Cerebrovascular accidents are a world disease with a severe impact on patients and healthcare systems. Approximately 15 million people suffer an ischemic stroke each year worldwide [1, 2]. More detailed information about the condition of arterial vessels can play a critical role in both preventing stroke and improving stroke therapy [1, 3, 4].
Since about one third of patients die from the consequences of a stroke, it is of great interest to detect indications of cerebrovascular diseases as quickly and as efficiently as possible, enabling to intervene in time or even to take preventive measures [1, 4]. Currently, however, vascular imaging in clinical routine is primarily assessed by visual-qualitative means only. The technical difficulties in extracting cerebral arteries and quantifying their parameters have prevented this data from becoming part of routine clinical practice [1, 5].
Image segmentation in general remains challenging for many applications. In particular, advanced implementations such as ischemic infarct tissue segmentation require highly accurate results to ensure optimal patient care and treatment [6, 7]. Thus, if at all, segmentation of cerebral vessels to date are predominantly performed manually or semi-manually. Since manual vessel segmentation is time consuming, research has focused on developing faster and more general automatic vessel segmentation methods [1, 5].
In recent years, deep learning techniques have demonstrated to be a very useful approach to this problem, as they can, unlike traditional threshold approaches, incorporate spatial information into their predictions [8, 9]. Therefore, the current development trend is shifting away from the rule-based methods proposed in previous decades, such as vessel intensity distributions, geometric models and vessel extraction methods [10, 11]. Although most rule-based approaches such as midline tracing, active contour models, or region growth use various vessel image features for reconstruction [12, 10], they are either hand-crafted or insufficiently validated [11, 10]. Therefore, it is difficult to achieve the desired level of robustness in vessel segmentation, and none of the proposed methods has found widespread application in the clinical setting or in research .
However, even deep learning methods that have shown to be particularly powerful and adaptable have their specific drawbacks, as they demand a large amount of training data [13, 14]. Providing this data is challenging, because it usually contains sensitive personal data and therefore is not publicly available [15, 16, 17]. In addition, successful deep segmentation also requires ground truth data which is, as discussed earlier, both extremely time-consuming and thus costly to create [1, 5].
Recently, several alternative strategies to circumvent this lack of commentary have been explored. For example, methods for semi-supervised semantic segmentation have been successfully developed, based on the generative adversarial network (GAN) approach [17, 14, 18]. Subsequent work has further improved this approach by explicitly accounting particular issues, such as domain shift, during translation and utilizing contrastive learning for translating unpaired images [19, 20].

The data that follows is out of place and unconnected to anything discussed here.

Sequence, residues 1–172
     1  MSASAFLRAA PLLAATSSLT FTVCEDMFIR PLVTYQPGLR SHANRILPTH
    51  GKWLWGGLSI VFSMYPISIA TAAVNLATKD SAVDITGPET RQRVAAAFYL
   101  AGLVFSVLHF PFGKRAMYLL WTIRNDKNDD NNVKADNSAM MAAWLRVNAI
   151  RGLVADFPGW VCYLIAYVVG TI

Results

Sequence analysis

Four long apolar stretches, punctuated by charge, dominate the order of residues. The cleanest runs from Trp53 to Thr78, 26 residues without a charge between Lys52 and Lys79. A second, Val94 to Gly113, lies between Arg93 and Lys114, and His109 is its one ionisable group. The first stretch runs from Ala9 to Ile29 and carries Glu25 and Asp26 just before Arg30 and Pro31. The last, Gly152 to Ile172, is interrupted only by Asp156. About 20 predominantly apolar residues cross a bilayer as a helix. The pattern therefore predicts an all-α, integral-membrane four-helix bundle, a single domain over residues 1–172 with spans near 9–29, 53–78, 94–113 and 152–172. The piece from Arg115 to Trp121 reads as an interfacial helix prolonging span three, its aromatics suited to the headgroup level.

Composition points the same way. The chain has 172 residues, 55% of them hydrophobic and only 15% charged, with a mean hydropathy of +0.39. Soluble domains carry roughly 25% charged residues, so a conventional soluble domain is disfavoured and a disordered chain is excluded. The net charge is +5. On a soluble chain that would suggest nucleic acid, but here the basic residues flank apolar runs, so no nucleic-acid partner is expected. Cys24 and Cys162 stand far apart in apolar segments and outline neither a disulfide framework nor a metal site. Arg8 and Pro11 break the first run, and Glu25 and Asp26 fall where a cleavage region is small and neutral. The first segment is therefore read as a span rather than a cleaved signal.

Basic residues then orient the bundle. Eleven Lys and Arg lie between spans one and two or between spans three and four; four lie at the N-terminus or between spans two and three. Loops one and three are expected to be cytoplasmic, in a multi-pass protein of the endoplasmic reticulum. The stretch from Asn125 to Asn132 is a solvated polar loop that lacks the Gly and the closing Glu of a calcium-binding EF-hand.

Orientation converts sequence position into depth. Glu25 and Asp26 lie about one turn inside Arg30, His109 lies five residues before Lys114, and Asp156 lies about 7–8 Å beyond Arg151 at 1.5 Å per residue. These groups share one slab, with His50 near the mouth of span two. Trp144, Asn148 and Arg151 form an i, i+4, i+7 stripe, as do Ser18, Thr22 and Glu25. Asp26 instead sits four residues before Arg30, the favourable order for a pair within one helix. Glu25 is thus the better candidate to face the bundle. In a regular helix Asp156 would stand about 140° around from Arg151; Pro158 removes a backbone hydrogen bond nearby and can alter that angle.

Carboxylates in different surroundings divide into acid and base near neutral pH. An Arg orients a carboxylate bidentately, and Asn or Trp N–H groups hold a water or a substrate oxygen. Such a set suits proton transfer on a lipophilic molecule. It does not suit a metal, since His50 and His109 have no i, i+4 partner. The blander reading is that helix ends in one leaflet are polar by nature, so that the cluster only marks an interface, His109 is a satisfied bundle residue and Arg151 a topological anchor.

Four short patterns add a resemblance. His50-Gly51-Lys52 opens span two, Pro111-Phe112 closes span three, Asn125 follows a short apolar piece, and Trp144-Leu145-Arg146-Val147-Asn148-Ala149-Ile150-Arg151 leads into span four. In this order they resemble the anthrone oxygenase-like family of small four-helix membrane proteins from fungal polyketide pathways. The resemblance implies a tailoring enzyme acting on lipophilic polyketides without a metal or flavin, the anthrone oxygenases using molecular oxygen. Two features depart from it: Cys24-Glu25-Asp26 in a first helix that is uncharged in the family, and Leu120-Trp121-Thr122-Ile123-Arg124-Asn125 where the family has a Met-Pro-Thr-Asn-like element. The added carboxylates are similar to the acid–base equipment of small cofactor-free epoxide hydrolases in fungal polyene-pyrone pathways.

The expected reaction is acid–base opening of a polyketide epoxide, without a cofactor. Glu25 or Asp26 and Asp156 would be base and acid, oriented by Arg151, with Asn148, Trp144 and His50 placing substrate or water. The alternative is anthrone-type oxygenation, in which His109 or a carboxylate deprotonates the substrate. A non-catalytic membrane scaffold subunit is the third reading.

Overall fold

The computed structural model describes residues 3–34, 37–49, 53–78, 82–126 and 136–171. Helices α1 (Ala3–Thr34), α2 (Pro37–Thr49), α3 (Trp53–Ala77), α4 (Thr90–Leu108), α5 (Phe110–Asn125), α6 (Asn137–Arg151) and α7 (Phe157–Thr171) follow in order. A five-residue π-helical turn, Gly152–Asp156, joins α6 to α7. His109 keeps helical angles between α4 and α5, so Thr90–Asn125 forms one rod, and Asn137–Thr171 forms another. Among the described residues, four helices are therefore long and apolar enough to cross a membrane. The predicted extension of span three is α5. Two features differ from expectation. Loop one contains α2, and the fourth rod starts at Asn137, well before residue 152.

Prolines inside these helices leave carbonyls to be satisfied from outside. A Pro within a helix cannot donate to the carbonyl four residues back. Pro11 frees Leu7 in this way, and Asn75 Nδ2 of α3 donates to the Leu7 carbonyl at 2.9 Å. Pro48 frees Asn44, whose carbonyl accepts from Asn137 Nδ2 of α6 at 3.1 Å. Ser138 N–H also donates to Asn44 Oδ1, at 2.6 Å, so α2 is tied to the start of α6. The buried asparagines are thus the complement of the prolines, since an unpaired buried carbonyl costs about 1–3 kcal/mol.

In addition, pretraining algorithms have emerged that promise to improve performance by preparing the model in an unsupervised manner. This is referred to as self-supervised learning. Its popularity can be traced back to well-known pretraining networks like [21, 22, 23, 24]. These networks are able to incorporate unlabeled samples into the training and thus make use of the entirety of the datasets despite the lack of annotations, ultimately increasing model performance [21, 22, 17].
An alternative approach eliminating this shortage of clinical annotations might involve accelerating the time consuming manual segmentation process. The idea of using deep learning methods to optimize this process has recently become more popular [25, 26, 27]. These interactive segmentations can be used not only for the creation of annotations, but also for the improvement of already existing ones. In doing so, a segmentation can be created in a first step and optimized in subsequent steps either automatically, interactively or manually. These changes are then automatically applied to the entire vessel, saving valuable time [25, 26].
For the reasons stated above, this work aims to investigate whether advanced model architectures can be successfully used for semi-supervised and unsupervised image segmentation, with the overall goal of improving deep vessel segmentation and will conduct an in-depth examination of the potential of pretraining methodologies to increase model performance. This work will investigate whether interactive segmentation might be applied in the medical field and how it can be integrated into the clinical workflow to reduce annotational workload.
- Literature overview of the current state of the art and collection of frameworks
- Pretraining methods
- Interactive segmentation strategies
- Expanding the current state of the art for carotid artery segmentation
- Utilizing semi-supervised contrastive learning mechanisms
- Enabling interactive segmentation
- Systematic analysis and evaluation of the developed deep learning approaches
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